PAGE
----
You heard right – another round of snow is on the way to our area. The rumor mill sure has been buzzing about snowfall totals; so let me touch on that for a moment. I’ve received many emails and Facebook comments about snowfall amounts in excess of four feet – where are these rumors coming from?! I know the Farmer’s Almanac discloses snowfall amounts occasionally, but the storm that they predicted is between the dates of February 12th and February 15th. If someone could send proof of this 50”+ storm, I’d love to see it!
Now, back to the upcoming storm - well, the more realistic outlook of the upcoming storm. This storm has a lot of moisture and energy to it and it has the potential to become as big as the December storm. That being said, there is just under 48 hours before the storm hits. You know as well as I do how touchy these coastal systems are. Here are a few factors we are taking into account.
Warm Air: There is more warm air available in the mid-levels than was present during the December storm. The likelihood of mixed precipitation is higher for this event but looks to be mainly a problem east of the Blue Ridge.
Snow Ratios: With (relatively) warmer air in the region, snowfall ratios might be lower than the December blizzard. Therefore, for the same one inch of liquid, we may get 9 inches, instead of 12 inches. This all depends on the temperature of the atmosphere and the surface. More on snow ratios can be found in the February 2, 2010 blog.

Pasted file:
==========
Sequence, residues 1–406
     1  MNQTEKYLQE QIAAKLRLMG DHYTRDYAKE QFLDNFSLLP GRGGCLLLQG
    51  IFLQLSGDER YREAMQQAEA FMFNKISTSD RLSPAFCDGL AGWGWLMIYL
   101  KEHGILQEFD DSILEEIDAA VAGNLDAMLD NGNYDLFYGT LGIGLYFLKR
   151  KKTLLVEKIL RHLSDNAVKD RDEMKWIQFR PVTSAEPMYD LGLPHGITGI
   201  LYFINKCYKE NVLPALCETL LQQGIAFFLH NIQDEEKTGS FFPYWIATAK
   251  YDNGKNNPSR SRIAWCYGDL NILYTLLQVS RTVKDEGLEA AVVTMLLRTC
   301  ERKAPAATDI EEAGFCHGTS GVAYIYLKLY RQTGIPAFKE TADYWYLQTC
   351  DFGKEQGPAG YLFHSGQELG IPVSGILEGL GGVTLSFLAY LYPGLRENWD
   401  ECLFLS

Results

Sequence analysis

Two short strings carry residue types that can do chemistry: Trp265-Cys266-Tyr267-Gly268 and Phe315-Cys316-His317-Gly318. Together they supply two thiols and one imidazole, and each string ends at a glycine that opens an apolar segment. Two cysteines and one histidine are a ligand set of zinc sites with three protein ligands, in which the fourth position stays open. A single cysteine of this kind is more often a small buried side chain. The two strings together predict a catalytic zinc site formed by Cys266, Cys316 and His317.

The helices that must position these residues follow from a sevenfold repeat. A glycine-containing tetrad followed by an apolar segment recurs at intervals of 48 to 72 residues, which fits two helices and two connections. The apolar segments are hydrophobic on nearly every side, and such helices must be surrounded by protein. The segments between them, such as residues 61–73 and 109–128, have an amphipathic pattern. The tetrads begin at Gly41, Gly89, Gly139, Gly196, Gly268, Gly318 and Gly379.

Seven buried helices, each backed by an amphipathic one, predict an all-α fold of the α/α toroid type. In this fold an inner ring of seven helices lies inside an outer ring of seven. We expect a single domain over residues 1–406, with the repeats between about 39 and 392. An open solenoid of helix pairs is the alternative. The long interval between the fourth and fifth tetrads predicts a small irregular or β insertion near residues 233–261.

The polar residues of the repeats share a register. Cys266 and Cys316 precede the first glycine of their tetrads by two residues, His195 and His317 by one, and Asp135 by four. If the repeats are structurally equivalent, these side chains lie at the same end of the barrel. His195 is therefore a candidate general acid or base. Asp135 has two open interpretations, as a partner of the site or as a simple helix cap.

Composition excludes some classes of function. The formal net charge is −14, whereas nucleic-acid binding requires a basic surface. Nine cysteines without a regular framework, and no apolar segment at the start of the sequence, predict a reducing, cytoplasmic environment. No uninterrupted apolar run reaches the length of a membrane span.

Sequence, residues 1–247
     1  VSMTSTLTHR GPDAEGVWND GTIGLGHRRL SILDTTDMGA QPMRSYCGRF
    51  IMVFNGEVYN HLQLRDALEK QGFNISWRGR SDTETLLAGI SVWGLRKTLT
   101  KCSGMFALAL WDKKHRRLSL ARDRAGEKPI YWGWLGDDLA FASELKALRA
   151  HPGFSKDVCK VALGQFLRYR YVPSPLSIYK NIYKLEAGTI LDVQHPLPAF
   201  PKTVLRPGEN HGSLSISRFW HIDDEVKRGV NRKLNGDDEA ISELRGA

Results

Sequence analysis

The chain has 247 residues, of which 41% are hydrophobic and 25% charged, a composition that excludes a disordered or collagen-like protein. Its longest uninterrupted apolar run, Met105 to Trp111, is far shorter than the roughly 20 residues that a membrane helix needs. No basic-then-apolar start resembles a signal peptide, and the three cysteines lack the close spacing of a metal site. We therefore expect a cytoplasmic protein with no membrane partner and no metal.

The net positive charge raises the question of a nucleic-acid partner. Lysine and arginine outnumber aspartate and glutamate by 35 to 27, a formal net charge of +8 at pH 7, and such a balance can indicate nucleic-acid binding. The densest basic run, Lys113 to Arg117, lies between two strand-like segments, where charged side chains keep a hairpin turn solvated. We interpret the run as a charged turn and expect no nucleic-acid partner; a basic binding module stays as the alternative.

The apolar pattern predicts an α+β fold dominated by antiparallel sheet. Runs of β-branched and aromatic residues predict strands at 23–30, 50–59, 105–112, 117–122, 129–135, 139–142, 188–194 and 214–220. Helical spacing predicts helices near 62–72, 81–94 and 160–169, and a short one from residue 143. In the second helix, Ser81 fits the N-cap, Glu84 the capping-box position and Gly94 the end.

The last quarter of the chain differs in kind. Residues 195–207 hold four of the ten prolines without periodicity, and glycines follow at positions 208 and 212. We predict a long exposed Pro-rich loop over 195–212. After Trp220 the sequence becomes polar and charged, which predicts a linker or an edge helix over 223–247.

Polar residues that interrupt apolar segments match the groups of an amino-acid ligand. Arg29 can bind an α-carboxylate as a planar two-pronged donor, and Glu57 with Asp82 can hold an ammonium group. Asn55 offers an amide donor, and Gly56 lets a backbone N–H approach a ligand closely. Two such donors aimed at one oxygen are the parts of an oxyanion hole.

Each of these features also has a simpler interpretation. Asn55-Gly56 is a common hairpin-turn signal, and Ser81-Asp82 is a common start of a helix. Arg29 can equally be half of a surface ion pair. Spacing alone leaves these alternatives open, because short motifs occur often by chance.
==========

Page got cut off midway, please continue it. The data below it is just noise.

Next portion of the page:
Dry Slot: With all of these major winter storms, there’s an area called the dry slot that forms as dry, cold air from the north gets wrapped up into the system. Precipitation quickly comes to an end in the dry slot. Predicting the exact location of the dry slot is as easy as predicting snowfall totals for a potentially huge storm. So easy.
Those are some of the issues that we’re taking into account while making this forecast. Coastal systems are the ones that bring big surprises and have the most impact. By Thursday morning, computer models should come into better agreement as the system develops further in Texas. Computer predicted snowfall amounts are very scattered at the time.
I’ll delve into a computer model discussion in Thursday’s blog. In addition, I’ll be speaking with Warning Coordination Meteorologist Christopher Strong from the National Weather Service in Sterling about this winter and how it ranks on the long term scale.
Oh by the way, did you catch the title? One snow, two snow, three snow, more.